I had planned to cycle to Cluj-Napoca and end the tour there with a visit to my cousin, but the previous day had taken too much out of me. I awoke stiff and with a sore back and headed straight to the station in Baia Mare. The lady at the desk spoke excellent English and had a fully functioning system, which informed us that bikes were only taken on the afternoon train so I had to wait around most of the day, eventually arriving in Cluj about 9.30pm.
This gave me a chance to visit the enthnographic museum in the Baia Mare, and, next to it, the village museum, with its entire restored traditional village, complete with wooden church. It was not however so different from the buildings I have already seen still very much alive around the village of Breb.
In the Village Museum, Baia Mare- note the hang-glider circling the wooden spire!
I spent a couple of days in Cluj, exploring the old town, the fine cafes and restaurants, and walking and cycling to some of the viewing points around the city.
The Matthias Corvinus monument in front of St. Michael’s Church. Corvinus was the 15th Century Hungarian King, born in Cluj
Traditional folk dance in front of St. Michael’s Church
At the botanic gardens
Views of the city from Cetatuia Hill, the spire of St. Michael’s visible in the centre
Cluj is a pleasant and seemingly quite affluent and cosmopolitan city to visit. There is a lot of construction visible around the more fashionable areas away from the centre with many expensive-looking properties. Prices for food and drink similar to Bratislava, no shortage of great places to eat and drink and delicious food, including great gulash, the national dish of sarmale, cabbage leaves stuffed with mince, and amazing mici, grilled mince meat rolls.
The city lies in a hollow so whichever way you leave involves a climb. An hour’s walk up the hill north of the railway station, close to where I was staying, takes you quickly out of the city through more quiet residential areas, with traditional houses with their steep shingled roofs, and quickly into extensive fruit orchards- some old and abandoned, some new and intensively managed behind high fences, and grazing land with shepherds and their flocks. From here there are terrific views across the city and beyond to the Carpthian mountains.
So after a brief taste of this fascinating country I headed back to Bratislava by train, via Budapest. This was not without its own adventure- it took two hours to buy the train ticket, apparently caused by confusion over the bicycle reservation! Once again, only later trains (the 14.45) would take bikes- this was established very early on. This required an overnight stay in Budapest.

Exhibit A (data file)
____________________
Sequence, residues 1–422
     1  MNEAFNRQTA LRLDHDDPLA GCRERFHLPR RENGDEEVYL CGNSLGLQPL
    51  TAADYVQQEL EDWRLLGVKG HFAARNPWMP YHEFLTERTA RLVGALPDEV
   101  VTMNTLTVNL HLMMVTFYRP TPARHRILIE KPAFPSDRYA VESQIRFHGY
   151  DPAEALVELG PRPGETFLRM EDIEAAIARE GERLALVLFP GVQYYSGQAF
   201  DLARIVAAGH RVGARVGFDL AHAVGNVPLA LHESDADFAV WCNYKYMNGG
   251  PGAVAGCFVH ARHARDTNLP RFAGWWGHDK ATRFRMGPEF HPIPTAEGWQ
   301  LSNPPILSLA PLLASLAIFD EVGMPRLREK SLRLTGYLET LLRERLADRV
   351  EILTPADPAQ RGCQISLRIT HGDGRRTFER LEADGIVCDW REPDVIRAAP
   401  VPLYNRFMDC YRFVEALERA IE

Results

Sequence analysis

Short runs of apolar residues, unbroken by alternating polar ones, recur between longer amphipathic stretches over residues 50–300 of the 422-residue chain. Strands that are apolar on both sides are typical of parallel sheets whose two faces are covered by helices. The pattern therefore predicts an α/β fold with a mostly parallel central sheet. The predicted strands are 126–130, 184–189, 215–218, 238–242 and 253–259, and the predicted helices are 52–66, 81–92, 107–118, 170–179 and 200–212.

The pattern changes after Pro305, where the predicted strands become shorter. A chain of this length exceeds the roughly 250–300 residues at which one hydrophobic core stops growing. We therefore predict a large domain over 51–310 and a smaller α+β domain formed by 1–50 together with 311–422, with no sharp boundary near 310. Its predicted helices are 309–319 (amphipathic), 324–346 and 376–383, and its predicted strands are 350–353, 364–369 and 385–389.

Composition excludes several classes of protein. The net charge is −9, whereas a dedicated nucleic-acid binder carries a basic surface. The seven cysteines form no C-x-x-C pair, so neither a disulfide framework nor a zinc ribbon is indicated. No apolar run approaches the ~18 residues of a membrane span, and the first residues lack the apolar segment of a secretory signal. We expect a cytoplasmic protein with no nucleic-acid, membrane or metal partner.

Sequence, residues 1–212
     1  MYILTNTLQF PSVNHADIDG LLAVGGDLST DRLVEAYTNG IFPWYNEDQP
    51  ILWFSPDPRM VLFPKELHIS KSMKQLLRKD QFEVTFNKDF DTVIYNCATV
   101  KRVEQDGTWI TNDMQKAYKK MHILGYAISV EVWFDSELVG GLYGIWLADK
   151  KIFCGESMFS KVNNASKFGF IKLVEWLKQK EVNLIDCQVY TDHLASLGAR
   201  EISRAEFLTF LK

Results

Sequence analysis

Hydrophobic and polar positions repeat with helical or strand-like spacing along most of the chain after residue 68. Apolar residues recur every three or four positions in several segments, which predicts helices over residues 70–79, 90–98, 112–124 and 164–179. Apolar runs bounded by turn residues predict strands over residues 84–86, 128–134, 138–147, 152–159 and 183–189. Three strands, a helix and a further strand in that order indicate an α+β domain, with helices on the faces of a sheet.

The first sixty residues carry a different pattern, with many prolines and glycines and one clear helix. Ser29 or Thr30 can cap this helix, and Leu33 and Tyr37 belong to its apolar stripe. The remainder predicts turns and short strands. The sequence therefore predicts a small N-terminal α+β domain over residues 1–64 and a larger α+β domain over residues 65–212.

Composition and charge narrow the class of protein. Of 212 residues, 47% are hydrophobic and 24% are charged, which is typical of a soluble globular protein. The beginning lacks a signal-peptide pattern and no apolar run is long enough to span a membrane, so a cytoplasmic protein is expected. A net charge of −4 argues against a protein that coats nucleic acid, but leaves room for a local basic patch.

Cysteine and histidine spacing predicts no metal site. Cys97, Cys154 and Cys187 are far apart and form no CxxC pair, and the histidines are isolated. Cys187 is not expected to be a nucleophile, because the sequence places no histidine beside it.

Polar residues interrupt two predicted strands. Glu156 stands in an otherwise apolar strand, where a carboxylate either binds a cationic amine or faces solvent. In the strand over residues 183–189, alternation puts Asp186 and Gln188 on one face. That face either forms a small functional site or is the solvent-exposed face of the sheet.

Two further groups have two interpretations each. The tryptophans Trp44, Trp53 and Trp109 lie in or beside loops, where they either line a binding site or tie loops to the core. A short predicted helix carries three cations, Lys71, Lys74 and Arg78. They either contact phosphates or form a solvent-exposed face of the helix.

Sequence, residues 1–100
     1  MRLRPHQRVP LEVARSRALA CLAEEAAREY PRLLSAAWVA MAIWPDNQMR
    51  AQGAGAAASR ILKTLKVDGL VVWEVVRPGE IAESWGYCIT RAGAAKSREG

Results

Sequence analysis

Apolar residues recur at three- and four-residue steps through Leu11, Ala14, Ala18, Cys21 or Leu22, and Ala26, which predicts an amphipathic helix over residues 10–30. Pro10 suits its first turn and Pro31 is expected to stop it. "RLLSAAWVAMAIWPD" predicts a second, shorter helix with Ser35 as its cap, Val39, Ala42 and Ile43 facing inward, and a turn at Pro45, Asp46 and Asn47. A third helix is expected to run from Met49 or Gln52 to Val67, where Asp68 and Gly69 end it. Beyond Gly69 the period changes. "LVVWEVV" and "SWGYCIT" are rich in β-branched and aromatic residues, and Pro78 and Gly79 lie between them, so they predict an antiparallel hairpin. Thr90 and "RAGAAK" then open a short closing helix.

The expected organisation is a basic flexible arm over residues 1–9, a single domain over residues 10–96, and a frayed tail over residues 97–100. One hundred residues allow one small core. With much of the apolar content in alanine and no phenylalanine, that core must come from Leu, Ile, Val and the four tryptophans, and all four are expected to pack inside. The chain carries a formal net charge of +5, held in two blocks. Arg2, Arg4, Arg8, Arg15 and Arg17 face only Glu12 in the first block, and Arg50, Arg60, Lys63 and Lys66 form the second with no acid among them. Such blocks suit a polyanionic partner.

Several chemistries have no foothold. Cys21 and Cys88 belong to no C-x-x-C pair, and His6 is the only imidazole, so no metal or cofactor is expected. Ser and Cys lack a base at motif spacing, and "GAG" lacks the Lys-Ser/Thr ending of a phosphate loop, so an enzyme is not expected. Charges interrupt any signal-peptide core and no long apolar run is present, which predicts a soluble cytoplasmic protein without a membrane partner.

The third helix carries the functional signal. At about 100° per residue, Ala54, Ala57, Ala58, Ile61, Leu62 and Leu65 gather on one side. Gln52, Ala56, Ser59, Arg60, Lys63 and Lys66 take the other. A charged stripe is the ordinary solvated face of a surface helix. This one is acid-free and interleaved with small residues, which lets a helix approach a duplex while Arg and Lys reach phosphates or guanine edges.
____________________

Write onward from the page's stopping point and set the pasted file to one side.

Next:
The lady at the sole international ticket window did not speak English, and spent a simply extraordinary amount of time pouring over the regulations, scrutinising documents, making calls, consulting with colleagues, all the while the queue of people behind me, some of whom needed tickets for that day, grew increasingly agitated. (Actually they were very patient and did not blame me at all).
You would have thought this was the first time a bike had ever travelled on this train, and yet when I finally got on it the next day, there was a clearly marked carriage for bikes with about 8 racks for them. The train was half-an-hour late, then was held up for nearly three hours just over the Hungarian border- no information as to why, some problem on the track ahead. I was able to spend the time chatting with another cycle tourist on the train- the first really I had met on the whole tour- heading back to his home in Hungary, and we were able to get out and buy some beers to while away the time.
I finally arrived back in Bratislava yesterday (23.8) after another great tour.
Lessons learned and things to consider for future trips: don’t rely just on a GPS! Try to plan routes much more carefully, otherwise there is a real danger of meeting either busy roads or unrideable off-road sections. This may mean sticking more to tried-and-tested long-distance cycle routes in future.